Nermin Uçtu / Manisa, Oct 22 () - “These wounds, fractures will heal. But I do not know what to do with this trauma.”
Ayben Atabey, refers to the deadly Ankara suicide attack where she has been wounded with hundreds others, while at least 102 people were killed.
Atabey, teacher in a primary school in Aegean Manisa province since 1990s, voiced Dogan News Agency the struggle of injured people for holding on to life, after the massacre who has left behind more than wounds on bodies, a psychological and societal trauma over Turkey’s people.
"We were there for peace"
“We have wanted to join the protests for peace. In fact, I imagined this kind of an attack could occur, however I had thought this would not happen in the center of Ankara” said Atabey, married and with two children.
Atabey said the blast has erupted while she was walking towards the demonstration area, adding when she heard the sounds of the explosion near the train station, she failed to run to the scene, and fall down. She saw the pieces of bodies, realized this was a bomb attack.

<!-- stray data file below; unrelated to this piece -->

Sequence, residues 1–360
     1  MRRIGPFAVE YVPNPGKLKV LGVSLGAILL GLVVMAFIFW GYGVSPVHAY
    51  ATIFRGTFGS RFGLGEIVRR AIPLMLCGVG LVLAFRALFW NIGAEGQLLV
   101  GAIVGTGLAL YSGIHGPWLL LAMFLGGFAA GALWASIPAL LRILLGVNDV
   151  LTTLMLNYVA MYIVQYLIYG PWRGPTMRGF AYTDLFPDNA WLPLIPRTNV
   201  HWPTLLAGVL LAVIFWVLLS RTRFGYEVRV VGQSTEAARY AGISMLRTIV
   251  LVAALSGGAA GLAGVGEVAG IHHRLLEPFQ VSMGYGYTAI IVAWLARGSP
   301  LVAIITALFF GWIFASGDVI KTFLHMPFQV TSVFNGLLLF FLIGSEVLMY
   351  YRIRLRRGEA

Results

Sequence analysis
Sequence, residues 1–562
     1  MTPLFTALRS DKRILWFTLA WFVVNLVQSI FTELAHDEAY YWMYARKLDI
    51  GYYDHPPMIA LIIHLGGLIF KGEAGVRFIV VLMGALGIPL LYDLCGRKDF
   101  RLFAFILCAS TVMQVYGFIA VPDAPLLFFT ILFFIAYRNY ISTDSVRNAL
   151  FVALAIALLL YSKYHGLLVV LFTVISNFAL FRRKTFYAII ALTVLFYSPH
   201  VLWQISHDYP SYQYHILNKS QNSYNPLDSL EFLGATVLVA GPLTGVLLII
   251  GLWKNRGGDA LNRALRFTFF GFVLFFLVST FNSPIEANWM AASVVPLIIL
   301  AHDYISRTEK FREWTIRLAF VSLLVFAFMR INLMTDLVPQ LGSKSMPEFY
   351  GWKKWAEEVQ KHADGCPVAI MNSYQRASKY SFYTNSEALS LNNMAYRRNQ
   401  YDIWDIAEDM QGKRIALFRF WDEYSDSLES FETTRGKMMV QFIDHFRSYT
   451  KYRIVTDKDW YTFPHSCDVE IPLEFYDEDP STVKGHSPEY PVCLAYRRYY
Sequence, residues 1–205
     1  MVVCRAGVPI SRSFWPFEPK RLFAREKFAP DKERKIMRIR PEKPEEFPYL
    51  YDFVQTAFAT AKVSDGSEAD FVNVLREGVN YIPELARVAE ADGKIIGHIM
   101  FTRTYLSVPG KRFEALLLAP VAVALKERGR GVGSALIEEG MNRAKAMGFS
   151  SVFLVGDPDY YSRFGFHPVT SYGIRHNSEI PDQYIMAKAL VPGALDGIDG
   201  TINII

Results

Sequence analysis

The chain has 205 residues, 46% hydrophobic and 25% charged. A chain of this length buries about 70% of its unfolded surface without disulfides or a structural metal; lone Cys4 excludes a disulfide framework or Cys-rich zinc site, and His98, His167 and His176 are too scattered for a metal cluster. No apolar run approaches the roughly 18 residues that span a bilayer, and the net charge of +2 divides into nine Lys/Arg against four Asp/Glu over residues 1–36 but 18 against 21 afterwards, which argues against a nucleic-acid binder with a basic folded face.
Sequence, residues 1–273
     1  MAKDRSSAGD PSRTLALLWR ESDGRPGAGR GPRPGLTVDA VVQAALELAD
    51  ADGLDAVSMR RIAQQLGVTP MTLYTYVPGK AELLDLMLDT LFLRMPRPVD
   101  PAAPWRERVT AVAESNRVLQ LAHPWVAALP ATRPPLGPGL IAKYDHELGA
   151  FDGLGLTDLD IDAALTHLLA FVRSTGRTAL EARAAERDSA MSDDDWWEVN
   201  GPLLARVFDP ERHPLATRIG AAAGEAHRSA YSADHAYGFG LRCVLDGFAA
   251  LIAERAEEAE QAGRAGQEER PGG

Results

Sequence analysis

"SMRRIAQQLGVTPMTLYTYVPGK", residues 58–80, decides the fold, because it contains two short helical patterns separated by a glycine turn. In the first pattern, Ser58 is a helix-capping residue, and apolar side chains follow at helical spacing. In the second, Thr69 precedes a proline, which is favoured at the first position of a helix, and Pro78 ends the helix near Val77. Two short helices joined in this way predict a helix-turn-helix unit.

“I was wounded because of case shots; I have fractures on my arm and leg. Among the eight shots, four could not be removed from by body. Thus, I cannot walk” she added.
"I had to receive therapy mostly for my students"
According to the teacher, the trauma over the Ankara blasts is extremely painful, for her and many others.
Atabey said she has been under psychological treatment and she has not been able to sleep at nights, waking up with fear and having crying jags.
“I had to receive psychological treatment because I am a teacher. I know that I cannot stand in front of my students, my children, with this psychology. I have fear that my students would grow anger. Anger would destroy us. As teachers, we instill our children peace, beauties of life, and the value of human lives. Thus, I only want our children to think of positive things for the future” she added.
"I had to wait for two hours, injured"
Days after Ankara attack, Atabey remembers the moments right after the attack:
“I tumbled down, could not move. I had a lot of bleeding. I had to wait for around two hours, injured. The scene was horrible; words fail to describe it. I was in the hospital for three days, in Ankara.”
Atabey also referred to the trauma of other injured people, stressing the post-trauma over the Ankara attack involved the anxiety for a new potential bomb attack around them.
“That is how we feel. It is true that our wounds will heal after the treatment. However only time will show, what will this attack leave behind in our lives” she said.